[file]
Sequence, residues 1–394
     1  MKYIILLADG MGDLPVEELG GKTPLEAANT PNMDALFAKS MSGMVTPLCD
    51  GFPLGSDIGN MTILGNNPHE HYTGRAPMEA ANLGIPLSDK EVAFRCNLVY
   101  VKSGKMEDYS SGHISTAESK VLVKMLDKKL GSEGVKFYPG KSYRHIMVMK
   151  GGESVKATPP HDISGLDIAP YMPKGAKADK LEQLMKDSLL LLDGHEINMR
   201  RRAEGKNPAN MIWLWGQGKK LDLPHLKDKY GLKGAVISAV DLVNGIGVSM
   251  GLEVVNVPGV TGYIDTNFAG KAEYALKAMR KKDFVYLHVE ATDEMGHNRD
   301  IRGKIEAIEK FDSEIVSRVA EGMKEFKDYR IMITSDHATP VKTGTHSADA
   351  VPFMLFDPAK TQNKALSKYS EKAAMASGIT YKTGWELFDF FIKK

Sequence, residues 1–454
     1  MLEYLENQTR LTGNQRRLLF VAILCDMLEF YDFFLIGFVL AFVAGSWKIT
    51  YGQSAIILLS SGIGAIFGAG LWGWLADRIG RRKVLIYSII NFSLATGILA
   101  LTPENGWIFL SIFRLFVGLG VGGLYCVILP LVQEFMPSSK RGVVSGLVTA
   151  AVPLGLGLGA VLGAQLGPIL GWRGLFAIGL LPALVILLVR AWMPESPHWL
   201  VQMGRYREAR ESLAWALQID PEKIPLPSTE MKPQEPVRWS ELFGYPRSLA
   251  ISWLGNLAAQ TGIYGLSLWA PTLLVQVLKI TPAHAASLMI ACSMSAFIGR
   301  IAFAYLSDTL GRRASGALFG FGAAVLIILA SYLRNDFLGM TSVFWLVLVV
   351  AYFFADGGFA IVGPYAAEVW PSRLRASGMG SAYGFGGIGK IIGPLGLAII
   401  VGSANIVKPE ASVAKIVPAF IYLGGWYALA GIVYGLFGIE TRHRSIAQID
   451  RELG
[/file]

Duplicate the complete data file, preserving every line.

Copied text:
Sequence, residues 1–394
     1  MKYIILLADG MGDLPVEELG GKTPLEAANT PNMDALFAKS MSGMVTPLCD
    51  GFPLGSDIGN MTILGNNPHE HYTGRAPMEA ANLGIPLSDK EVAFRCNLVY
   101  VKSGKMEDYS SGHISTAESK VLVKMLDKKL GSEGVKFYPG KSYRHIMVMK
   151  GGESVKATPP HDISGLDIAP YMPKGAKADK LEQLMKDSLL LLDGHEINMR
   201  RRAEGKNPAN MIWLWGQGKK LDLPHLKDKY GLKGAVISAV DLVNGIGVSM
   251  GLEVVNVPGV TGYIDTNFAG KAEYALKAMR KKDFVYLHVE ATDEMGHNRD
   301  IRGKIEAIEK FDSEIVSRVA EGMKEFKDYR IMITSDHATP VKTGTHSADA
   351  VPFMLFDPAK TQNKALSKYS EKAAMASGIT YKTGWELFDF FIKK

Sequence, residues 1–454
     1  MLEYLENQTR LTGNQRRLLF VAILCDMLEF YDFFLIGFVL AFVAGSWKIT
    51  YGQSAIILLS SGIGAIFGAG LWGWLADRIG RRKVLIYSII NFSLATGILA
   101  LTPENGWIFL SIFRLFVGLG VGGLYCVILP LVQEFMPSSK RGVVSGLVTA
   151  AVPLGLGLGA VLGAQLGPIL GWRGLFAIGL LPALVILLVR AWMPESPHWL
   201  VQMGRYREAR ESLAWALQID PEKIPLPSTE MKPQEPVRWS ELFGYPRSLA
   251  ISWLGNLAAQ TGIYGLSLWA PTLLVQVLKI TPAHAASLMI ACSMSAFIGR
   301  IAFAYLSDTL GRRASGALFG FGAAVLIILA SYLRNDFLGM TSVFWLVLVV
   351  AYFFADGGFA IVGPYAAEVW PSRLRASGMG SAYGFGGIGK IIGPLGLAII
   401  VGSANIVKPE ASVAKIVPAF IYLGGWYALA GIVYGLFGIE TRHRSIAQID
   451  RELG